|Minimum Order Quantity||20 Kg|
|Packaging Size||01Kg Standing pouch|
|Weight Per Pack||01Kg|
|Melting Point||150 Degree|
(Proven Enzyme, Bacterial formulation for Self healing concrete)
Prions Biotech offers enzyme blend BACTAHEAL-PR. The BACTAHEAL-PR is a new concept in the cement industry. Cracks in concrete are a common phenomenon due to the relatively low tensile strength. Durability of concrete is impaired by these cracks since they provide an easy path for the transportation of liquids and gasses that potentially contain harmful substances. If micro-cracks grow and reach the reinforcement, not only the concrete itself may be attacked, but also the reinforcement will be corroded. Therefore, it is important to control the crack width and to heal the cracks as soon as possible. Since the costs involved for maintenance and repair of concrete structures are usually high, this research focuses on the development of self-healing concrete. Self-healing of cracks in concrete would contribute to a longer service life of concrete structures and would make the material not only more durable but also more sustainable.
Crack occurrence in reinforced concrete should be minimized for both durability and economical reasons as crack repair is costly. Autogenous repair, or self-healing, of concrete would save a substantial amount of money, as manual inspection and crack repair could be minimized. Thus, a reliable self-healing mechanism for concrete would not only result in more durable structures, but would also be beneficial for the global economy. This study exploited the potential to apply calcite-precipitating bacteria as a crack-healing agent in concrete.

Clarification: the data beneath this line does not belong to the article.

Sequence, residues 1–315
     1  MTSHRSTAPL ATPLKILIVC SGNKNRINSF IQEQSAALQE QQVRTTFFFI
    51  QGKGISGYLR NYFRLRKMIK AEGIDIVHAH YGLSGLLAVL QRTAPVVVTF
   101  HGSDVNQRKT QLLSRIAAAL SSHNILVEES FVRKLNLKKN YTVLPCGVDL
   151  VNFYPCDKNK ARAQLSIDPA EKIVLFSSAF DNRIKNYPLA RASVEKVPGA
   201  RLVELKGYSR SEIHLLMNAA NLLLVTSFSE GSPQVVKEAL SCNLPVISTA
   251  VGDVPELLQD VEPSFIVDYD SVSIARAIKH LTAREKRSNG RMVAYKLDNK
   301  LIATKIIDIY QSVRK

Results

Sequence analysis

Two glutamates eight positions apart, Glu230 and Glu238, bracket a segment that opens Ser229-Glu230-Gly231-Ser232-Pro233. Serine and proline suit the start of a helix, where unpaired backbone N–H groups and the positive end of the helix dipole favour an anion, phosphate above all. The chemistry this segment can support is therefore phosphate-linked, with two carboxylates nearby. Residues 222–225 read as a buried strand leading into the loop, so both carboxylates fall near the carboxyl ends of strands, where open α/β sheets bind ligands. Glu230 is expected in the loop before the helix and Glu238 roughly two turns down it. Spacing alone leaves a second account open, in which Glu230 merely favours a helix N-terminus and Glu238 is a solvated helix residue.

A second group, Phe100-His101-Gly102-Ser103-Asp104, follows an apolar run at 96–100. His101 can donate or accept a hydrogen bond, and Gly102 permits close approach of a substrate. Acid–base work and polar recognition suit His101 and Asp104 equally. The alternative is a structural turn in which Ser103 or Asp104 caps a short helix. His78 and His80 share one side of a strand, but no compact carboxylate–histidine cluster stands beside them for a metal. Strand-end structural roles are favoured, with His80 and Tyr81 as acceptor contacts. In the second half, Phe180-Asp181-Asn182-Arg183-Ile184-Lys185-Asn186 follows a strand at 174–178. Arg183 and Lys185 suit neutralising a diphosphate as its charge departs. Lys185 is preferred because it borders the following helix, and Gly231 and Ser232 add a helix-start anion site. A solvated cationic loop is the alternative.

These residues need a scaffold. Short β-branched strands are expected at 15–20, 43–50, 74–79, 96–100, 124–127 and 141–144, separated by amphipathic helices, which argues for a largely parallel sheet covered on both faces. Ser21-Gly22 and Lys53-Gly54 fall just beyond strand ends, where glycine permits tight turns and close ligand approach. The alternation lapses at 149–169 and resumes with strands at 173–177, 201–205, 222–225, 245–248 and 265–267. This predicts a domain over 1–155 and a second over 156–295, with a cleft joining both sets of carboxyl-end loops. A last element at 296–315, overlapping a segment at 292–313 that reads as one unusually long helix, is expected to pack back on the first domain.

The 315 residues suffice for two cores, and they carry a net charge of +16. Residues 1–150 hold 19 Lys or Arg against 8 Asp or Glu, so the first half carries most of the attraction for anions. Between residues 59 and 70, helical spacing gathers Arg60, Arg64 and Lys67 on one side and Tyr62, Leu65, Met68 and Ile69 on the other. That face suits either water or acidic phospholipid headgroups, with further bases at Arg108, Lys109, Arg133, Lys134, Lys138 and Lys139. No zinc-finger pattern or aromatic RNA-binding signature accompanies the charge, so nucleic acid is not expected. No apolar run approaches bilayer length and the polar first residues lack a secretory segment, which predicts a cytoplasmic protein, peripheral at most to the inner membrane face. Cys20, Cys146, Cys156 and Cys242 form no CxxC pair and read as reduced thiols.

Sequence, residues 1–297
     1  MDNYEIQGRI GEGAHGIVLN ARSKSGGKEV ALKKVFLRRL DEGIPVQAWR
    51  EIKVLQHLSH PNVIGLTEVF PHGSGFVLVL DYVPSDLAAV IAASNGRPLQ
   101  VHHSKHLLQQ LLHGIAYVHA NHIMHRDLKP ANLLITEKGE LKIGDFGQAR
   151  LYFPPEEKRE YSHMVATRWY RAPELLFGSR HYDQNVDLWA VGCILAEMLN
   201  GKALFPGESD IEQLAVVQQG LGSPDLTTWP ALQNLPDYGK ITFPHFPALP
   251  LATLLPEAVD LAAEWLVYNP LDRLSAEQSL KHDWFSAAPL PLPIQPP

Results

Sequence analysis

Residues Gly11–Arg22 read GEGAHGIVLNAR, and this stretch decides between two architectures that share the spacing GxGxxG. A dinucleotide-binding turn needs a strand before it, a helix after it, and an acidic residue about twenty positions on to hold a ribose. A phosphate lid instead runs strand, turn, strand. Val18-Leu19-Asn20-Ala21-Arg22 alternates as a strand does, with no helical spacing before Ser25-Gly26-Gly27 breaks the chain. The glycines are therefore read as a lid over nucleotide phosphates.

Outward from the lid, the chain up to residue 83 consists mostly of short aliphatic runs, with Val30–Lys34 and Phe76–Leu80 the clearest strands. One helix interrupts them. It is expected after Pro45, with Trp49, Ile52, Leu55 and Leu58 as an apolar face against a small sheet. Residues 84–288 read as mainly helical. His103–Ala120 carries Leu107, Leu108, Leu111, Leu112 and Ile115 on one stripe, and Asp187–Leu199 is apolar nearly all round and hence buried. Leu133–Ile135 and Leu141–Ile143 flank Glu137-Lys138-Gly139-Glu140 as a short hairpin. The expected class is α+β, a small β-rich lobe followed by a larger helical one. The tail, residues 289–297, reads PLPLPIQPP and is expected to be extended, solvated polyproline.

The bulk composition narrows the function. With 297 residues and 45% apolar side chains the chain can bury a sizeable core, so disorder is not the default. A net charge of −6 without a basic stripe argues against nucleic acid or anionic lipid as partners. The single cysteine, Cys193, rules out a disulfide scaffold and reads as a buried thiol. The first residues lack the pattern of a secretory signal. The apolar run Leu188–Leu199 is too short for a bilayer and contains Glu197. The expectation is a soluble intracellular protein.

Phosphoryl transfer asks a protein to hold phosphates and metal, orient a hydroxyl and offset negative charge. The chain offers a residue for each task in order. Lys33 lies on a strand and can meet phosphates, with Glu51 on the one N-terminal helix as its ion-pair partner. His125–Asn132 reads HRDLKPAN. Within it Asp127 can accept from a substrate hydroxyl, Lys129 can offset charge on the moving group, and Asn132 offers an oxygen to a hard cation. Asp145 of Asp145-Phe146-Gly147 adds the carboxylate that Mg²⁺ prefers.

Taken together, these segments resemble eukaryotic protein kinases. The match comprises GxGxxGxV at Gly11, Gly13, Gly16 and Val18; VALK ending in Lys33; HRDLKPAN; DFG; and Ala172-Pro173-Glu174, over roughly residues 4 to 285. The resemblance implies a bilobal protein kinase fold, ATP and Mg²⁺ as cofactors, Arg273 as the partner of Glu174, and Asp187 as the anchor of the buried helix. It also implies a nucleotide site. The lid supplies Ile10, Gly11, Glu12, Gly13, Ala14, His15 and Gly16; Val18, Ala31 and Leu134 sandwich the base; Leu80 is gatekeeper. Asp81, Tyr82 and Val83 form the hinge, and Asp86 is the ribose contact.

The potential of different species to precipitate calcite, produce endospores, survive concrete-production, and heal cracks by sealing them with calcite was investigated. Furthermore, the mechanical properties of ‘bacterial concrete’ were tested. ESEM studies showed that alkali-resistant spore-forming bacteria embedded in the concrete matrix can precipitate substantial amounts of calcite.
The bacterial approach thus seems a highly promising mechanism to mediate self-healing in concrete structures.
Cracks can occur in concrete structures due to multiple reasons such as autogenous shrinkage, freeze thaw reactions, mechanical compressive- and tensile forces. Although micro-cracks do not necessarily result in significant strength loss of concrete, the ingress of water and other reactive chemicals such as chloride and water may pose a thread to the steel reinforcement as these strongly enhance its corrosion rate.